In 2005 there was estimated to be over 10 million people operating as independent contractors. Small, medium and large companies all use independent contractors to remain competitive and to grow their businesses but understanding the differences between an “independent contractor” and a regular “employee” is neither easy nor trival to the business. It is an area that is riddled with traps for the unwary. According to a Department of Labor study, approximately 38% of small businesses misclassify employees as independent contractors. The problem is not limited to small businesses. Even large, more “sophisticated” companies, such as Microsoft, Federal Express and Wal-Mart, for example, are not immune to this error. Given the current market conditions, it may be even more important for a business to get the classification correct. Tax revenues for all levels of government are down while budget deficits are up. In an attempt to bridge this gap, the Federal government and state governments are going to be taking a closer look at how companies classify their human resources.
There are many reasons why this classification is often hard to get right. Realize that just because you, the employer, think of the person you hired as an independent contractor, the contract itself might state that he or she is an independent contractor and even the person thinks of themselves as an independent contractor but that doesn’t necessarily mean that they really are an independent contractor. Furthermore, a person may be an independent contractor under one set of laws but will be considered as an employee under another set of laws. The tests to determine whether a person is an employee or an independent contractor may be different depending on whether it is for taxes, compliance with discrimination laws or the operation of respondeat superior or some other law. At least for the purposes of determining whether the right taxes have been withheld it is up to the company to prove that the person was properly classified as an independent contractors and should not have been considered an employee.
New Jersey uses the “ABC” test for unemployment responsibility and hour and wage requirements. NJSA 43:21-19. Under this test it is up to you, as the employer, to prove that the relationship is that of an independent contract and not that of an employee. Specifically the state would look at the following:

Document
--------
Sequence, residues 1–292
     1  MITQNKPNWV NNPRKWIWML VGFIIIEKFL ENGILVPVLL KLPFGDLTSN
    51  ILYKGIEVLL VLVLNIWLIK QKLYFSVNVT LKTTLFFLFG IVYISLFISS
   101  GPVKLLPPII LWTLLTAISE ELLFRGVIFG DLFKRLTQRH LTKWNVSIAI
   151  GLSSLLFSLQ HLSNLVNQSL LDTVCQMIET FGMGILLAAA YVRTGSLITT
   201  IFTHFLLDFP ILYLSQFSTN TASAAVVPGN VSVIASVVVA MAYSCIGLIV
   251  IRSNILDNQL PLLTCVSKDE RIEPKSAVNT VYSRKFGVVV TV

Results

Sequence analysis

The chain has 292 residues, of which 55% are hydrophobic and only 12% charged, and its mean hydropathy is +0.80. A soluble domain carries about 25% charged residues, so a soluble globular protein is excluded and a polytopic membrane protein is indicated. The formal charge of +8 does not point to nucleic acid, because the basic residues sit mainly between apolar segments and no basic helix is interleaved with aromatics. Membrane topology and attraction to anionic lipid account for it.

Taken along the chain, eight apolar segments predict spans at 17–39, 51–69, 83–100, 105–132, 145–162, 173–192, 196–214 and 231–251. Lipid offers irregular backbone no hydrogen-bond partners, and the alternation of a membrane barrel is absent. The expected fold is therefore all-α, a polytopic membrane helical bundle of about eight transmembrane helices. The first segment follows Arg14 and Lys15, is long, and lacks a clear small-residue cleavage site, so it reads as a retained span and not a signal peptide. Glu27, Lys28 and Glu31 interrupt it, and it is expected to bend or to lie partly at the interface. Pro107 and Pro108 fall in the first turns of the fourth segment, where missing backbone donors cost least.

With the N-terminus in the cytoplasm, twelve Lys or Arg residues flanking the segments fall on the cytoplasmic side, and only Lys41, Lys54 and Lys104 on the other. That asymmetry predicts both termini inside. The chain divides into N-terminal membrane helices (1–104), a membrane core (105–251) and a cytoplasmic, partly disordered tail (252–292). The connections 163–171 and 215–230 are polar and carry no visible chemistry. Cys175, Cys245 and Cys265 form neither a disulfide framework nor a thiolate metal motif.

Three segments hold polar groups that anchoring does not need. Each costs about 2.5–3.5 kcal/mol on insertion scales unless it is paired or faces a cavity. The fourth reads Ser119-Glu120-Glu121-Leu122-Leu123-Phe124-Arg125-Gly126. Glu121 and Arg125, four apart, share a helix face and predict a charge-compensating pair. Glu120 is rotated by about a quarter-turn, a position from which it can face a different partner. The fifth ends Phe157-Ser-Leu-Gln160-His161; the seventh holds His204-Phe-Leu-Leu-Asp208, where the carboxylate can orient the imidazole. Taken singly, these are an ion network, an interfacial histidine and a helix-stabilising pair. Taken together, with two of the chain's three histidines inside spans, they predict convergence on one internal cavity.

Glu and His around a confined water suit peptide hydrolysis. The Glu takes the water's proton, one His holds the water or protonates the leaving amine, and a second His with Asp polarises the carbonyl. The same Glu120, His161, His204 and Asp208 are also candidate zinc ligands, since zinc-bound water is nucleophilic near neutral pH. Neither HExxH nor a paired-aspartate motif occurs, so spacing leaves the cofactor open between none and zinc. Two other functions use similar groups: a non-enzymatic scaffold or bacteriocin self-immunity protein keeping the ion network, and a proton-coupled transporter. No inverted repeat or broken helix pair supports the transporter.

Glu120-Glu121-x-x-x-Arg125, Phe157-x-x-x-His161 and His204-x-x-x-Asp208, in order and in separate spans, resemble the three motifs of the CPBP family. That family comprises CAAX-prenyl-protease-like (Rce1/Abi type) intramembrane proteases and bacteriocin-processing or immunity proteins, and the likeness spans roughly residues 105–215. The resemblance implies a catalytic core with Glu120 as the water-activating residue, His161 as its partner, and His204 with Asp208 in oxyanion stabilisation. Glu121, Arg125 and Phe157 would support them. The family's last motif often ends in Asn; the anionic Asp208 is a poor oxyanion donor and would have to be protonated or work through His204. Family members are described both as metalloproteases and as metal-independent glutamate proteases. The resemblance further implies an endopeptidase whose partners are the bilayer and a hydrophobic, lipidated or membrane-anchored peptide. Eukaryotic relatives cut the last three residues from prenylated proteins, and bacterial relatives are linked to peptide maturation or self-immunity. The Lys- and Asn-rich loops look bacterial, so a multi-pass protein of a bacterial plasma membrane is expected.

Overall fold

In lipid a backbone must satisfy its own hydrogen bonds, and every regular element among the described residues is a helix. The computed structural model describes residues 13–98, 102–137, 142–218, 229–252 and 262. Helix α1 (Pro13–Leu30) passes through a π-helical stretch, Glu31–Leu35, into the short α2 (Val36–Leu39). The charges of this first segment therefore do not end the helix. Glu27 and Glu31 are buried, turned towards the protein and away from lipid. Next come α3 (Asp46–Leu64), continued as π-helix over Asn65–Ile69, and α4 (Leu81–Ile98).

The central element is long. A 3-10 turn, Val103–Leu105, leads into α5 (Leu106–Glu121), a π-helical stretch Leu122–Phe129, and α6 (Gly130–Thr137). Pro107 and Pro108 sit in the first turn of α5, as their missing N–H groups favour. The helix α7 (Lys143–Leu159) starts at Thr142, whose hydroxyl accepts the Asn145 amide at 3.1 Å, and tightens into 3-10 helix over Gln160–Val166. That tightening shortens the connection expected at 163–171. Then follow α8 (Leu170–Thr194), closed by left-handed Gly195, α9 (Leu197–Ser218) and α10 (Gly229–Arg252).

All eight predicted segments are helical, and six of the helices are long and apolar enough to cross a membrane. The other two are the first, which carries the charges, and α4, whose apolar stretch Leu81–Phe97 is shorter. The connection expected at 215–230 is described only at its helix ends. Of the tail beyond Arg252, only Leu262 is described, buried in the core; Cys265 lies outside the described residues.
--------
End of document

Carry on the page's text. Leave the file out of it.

A. Is the person now and continues to be free from the control and direction over the performance of the job? This condition not only has to be in a contract but must be what occurs in fact. If the actual practice is different than what is set forth in the contract, the contract will have little weight.
B. Are the services either outside the usual course of the business or performed outside your physical location? Does the independent contractor work in your office space or do they work from their own location?
C. Is the individual customarily engaged in an independent established profession or business? Are you the independent contractor’s only job or does the indepenent contractor perform work for several other companies?
The business must be able to prove that independent contractor meets all three prongs of the ABC test and it is important that a business gets the decision right. Failure to meet all requirements could result in the payment of all back taxes, penalties and interest. Such ramifications could transform a company from a success to barley surviving or worse. It may even open the business owner to personal liability for the back taxes.
As a business owner, it is crucial that you fully understand the differences between a true independent contractor and an employee. You must fully understand what need you are trying to fill by the proposed relationship and then structure it to adequately meet your proposed business need so in order to avoid possible issues in the future.